Hands on with the New Lytro Illum Light-Field Camera

Earlier today Lytro introduced a new light-field camera called Illum. This is the second camera with this innovative technology from the  California based company founded in 2006.

The video above from the guys from The Verge take a look at the Illum and what it can do.

The new Lytro Illum

Lytro-ILLUM-3

The camera is a much more advanced version of the first camera introduced in 2012. It has a much larger sensor with 4 times the resolution (Lytro still uses the term megarays instead of megapixels), a much larger and longer zoom lens with an impressive f/2 constant aperture and of course the ability to refocus after you take a picture (the new Illum can refocus on many more points in the image compared to the older version). You will also have more control of the camera, larger screen, and the ability to create regular JPEG images or videos made from the refocused images you capture.

Large tilt touch screen (no viewfinder)

Lytro-ILLUM-1

Some of the specs for the Lytro Illum:

  • New 1″ sensor with 40 “megarays” resolution (4 times that of the previous model – a flat image created from this camera will have a 4MP resolution).
  • Ultra fast f/2 lens – 30-250mm (equivalent in 35mm).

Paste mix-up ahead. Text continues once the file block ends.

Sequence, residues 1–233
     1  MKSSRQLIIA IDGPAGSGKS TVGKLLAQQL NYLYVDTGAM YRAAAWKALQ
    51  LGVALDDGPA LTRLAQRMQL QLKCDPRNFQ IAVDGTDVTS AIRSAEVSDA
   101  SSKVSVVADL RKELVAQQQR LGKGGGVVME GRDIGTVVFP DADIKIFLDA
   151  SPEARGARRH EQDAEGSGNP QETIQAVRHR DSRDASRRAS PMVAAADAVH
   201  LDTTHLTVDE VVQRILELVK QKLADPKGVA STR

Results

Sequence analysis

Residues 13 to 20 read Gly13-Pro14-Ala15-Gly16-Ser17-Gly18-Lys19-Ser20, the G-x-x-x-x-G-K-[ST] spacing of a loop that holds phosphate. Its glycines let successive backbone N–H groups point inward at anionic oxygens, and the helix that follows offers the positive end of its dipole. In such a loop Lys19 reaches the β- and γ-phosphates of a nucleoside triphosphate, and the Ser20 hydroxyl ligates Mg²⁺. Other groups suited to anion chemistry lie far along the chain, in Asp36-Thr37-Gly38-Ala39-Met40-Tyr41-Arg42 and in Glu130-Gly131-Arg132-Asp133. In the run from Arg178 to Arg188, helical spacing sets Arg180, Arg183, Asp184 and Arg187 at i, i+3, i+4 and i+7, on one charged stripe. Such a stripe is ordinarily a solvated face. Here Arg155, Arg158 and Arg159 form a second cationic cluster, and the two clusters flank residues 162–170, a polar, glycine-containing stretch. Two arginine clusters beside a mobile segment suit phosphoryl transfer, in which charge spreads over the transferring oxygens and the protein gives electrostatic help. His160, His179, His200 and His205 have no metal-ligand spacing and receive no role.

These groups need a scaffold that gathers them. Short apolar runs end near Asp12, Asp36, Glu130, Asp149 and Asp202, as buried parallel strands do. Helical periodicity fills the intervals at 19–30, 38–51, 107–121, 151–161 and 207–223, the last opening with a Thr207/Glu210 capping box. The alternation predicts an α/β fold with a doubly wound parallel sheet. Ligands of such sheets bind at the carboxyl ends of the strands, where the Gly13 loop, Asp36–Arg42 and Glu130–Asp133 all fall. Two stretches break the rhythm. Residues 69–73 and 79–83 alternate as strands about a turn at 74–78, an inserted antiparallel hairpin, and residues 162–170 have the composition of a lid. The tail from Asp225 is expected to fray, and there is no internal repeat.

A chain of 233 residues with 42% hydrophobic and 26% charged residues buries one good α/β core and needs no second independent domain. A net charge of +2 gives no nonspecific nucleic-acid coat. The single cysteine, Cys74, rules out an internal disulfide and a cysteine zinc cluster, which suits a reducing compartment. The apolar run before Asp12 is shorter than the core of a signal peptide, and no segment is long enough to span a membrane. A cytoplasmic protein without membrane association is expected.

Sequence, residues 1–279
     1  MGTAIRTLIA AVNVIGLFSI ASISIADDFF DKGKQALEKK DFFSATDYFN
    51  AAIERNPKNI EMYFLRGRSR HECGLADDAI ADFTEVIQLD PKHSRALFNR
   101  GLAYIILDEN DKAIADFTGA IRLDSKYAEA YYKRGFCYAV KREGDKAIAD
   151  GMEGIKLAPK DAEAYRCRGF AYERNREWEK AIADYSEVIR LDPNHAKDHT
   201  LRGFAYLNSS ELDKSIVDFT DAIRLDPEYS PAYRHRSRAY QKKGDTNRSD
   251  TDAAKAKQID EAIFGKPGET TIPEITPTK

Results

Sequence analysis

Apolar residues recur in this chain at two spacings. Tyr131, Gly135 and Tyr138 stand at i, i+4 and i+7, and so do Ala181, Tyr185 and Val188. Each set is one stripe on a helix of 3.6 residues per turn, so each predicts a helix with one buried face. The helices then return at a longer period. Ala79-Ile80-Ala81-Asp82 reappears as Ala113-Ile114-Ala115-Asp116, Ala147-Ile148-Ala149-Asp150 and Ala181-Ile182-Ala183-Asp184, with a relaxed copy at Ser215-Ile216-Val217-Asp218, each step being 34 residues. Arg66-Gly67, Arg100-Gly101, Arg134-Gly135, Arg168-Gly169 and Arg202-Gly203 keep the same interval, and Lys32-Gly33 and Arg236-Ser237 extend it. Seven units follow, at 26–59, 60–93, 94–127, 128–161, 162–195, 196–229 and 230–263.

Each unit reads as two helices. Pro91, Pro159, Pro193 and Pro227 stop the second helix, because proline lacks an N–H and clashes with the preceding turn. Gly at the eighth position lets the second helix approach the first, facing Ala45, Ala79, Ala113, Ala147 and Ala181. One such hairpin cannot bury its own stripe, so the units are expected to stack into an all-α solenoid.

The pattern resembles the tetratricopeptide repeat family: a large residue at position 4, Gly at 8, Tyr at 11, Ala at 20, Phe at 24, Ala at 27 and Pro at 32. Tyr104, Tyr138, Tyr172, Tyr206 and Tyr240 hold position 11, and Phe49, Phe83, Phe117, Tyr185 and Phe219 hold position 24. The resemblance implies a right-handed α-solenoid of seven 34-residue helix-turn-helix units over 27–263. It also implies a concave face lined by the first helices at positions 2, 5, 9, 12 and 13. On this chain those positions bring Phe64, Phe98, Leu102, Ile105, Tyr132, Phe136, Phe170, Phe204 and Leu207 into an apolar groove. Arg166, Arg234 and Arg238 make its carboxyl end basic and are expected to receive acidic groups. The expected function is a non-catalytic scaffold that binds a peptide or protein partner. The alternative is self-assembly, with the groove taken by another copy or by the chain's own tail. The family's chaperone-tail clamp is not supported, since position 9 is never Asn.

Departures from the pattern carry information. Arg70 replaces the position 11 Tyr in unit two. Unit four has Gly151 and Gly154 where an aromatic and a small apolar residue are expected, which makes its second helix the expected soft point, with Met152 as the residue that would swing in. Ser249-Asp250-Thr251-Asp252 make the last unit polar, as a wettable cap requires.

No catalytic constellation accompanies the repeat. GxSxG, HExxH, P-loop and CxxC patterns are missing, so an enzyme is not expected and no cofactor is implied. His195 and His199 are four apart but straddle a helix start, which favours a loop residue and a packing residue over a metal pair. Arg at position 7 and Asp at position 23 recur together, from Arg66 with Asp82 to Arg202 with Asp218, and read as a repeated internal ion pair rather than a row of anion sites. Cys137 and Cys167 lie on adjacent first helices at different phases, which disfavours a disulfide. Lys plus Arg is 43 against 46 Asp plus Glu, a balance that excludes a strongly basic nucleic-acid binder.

• Snapdragon 800 processor.
  • Extreme close-focus macro capability.
  • 1/4000 sec max shutter.
  • 4 inch high res tilt touchscreen.
  • Ability to capture regular JPEG images.
  • Weight –   just 1.5 lbs (940 grams).
  • Availability and Price: late April 2014, $1600 (on the Lytro site).

Huge fixed f/2 zoom fast lens

Lytro-ILLUM-2

Below is an official Lytro video showing the Illum

[youtube]https://www.youtube.com/watch?v=A9djBssNgzE[/youtube]

A video created from images taken with the Lytro Illum

[youtube]https://www.youtube.com/watch?v=mx0HMY7E9R0[/youtube]

If you don’t want to miss any new photography product be sure to check out our product photography section on our photo gear channel.

2 comments

  1. Man, they really didn’t plan that interview well. Hint: take a minute to “set the stage” before your next interview. Cover windows if the outside illumination is going to cause HUGE glare on the very subject (i.e. LCD display of camera) you’re covering.

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